The DNA containing the desired gene will have been isolated using gel electrophoresis. This DNA strand will also be cut at s specific recognition site using the same restriction enzymes. This produces a fragment with complementary sticky ends to those on the plasmid.
The plasmids and the DNA fragments are mixed together in the presence of the enzyme ligase. The hydrogen bonds form using complementary base pairing and the sugar-phosphate backbone is joined through annealing.
3.4.9 – State two examples of the current uses of genetically modified crops or animals
Added Retinol in Rice
Retinol, or Vitamin A1, is essential for the development of an effective immune system, normal vision and growth. Deficiency leads to stunted growth, weakened immune system, loss of night vision and possible blindness. In third world countries, deficiency is coupled with malnutrition and disease. Children are also more likely to die from disease when they are vitamin A deficient.
Beta-carotene is used by the body to make retinol. Normal rice does not contain retinol or beta-carotene, but it does contain a molecule that is normally used to make beta-carotene. However, the gene and enzymes to manufacture retinol are missing.
GM rice contains the gene for the manufacture of beta-carotene. The gene was sourced from Erwinia bacterium or the common daffodil. Transgenic rice is usually yellow due to the presence of beta-carotene, which is crossed with local strains of rice. As a result, communities are able to have more nutrients in their diet.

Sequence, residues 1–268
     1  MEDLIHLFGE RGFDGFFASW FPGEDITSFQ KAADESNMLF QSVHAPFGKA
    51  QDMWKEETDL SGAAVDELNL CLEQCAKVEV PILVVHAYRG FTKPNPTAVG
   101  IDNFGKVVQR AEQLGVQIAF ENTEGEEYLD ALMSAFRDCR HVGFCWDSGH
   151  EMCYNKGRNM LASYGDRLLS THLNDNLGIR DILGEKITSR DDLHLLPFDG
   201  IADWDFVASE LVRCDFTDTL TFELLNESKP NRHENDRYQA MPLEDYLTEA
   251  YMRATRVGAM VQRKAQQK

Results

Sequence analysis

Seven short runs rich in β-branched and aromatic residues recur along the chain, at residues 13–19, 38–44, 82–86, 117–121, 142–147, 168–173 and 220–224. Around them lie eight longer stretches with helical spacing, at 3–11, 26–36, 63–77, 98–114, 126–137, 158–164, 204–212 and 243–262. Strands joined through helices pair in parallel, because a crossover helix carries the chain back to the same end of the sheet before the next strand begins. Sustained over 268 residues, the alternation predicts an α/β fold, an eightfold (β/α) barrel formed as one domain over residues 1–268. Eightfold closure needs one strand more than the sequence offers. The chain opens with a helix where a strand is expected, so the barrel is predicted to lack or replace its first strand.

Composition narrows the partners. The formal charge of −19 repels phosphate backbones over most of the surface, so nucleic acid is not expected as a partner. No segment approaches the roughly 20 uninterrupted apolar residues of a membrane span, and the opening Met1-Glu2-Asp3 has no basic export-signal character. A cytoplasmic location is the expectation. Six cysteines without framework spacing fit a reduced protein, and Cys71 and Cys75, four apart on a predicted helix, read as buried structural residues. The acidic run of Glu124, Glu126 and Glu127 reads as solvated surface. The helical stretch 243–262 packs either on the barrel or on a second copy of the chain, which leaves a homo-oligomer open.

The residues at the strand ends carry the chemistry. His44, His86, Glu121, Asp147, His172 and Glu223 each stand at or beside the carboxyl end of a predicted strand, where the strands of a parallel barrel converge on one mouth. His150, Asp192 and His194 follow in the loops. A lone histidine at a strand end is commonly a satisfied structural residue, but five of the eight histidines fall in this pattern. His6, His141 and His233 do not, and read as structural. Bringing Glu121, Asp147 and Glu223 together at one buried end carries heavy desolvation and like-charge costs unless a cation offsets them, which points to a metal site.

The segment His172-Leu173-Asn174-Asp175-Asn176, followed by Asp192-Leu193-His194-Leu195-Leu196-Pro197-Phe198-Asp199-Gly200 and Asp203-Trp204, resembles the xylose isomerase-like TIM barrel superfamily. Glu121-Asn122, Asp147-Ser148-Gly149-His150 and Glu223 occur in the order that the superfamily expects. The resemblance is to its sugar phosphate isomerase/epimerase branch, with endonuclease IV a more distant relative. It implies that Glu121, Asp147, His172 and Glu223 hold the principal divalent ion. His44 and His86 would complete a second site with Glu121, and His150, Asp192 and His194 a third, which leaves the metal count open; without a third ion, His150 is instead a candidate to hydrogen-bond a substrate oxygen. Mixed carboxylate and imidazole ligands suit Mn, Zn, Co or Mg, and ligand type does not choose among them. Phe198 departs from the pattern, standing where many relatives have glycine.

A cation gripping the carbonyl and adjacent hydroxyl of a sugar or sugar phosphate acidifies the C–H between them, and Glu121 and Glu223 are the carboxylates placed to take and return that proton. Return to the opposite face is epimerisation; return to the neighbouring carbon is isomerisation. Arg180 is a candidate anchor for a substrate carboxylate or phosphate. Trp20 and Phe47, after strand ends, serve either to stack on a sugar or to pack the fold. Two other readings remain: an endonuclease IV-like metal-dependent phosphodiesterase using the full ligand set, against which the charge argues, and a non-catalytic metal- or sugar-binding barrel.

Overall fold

Herbicide Resistance in Crop Plants
Weeds use soil nutrients that crops need to grow and the competition reduces productivity and efficiency of farming. Herbicides are used to kill weeds. They must be used before planting, as they also kill crops.
Some crops have been made resistant to major herbicides because they can produce an enzyme that breaks down glyphosate, found in a major herbicide. Herbicides can be used after planting to kill weeds.
3.4.10 – Discuss the potential benefits and possible harmful effects of one example of genetic modification
3.4.11 – Define clone
A group of genetically identical organisms or a group of cells derived from a single parent cell
3.4.12 – Outline a technique for cloning using differentiated animal cells
Donor somatic cells were taken from the udder of the original sheep that was to be cloned and
cultured in a low-nutrient medium to stop division of the cell, making it dormant. An unfertilised
ovum was taken from a ewe and stimulated to superovulate by hormone FSH, producing a large
number of ova. The nucleus, containing DNA, was removed from the ovum using micromanipulation techniques. The ovum was left with no nucleus, but still had a cytoplasm and cellular machinery to produce an embryo.
The dormant donor cell and egg cell were fused using a gentle electrical pulse. The ovum retained its ability to replicate chromosomes and divide by mitosis. Cell division was triggered and when it reached the 16-cell stage, it was implanted into a surrogate mother sheep. Dolly, the cloned sheep, was genetically identical to the donor sheep. However, they experienced a different set of environmental conditions.
3.4.13 – Discuss the ethical issues of therapeutic cloning in humans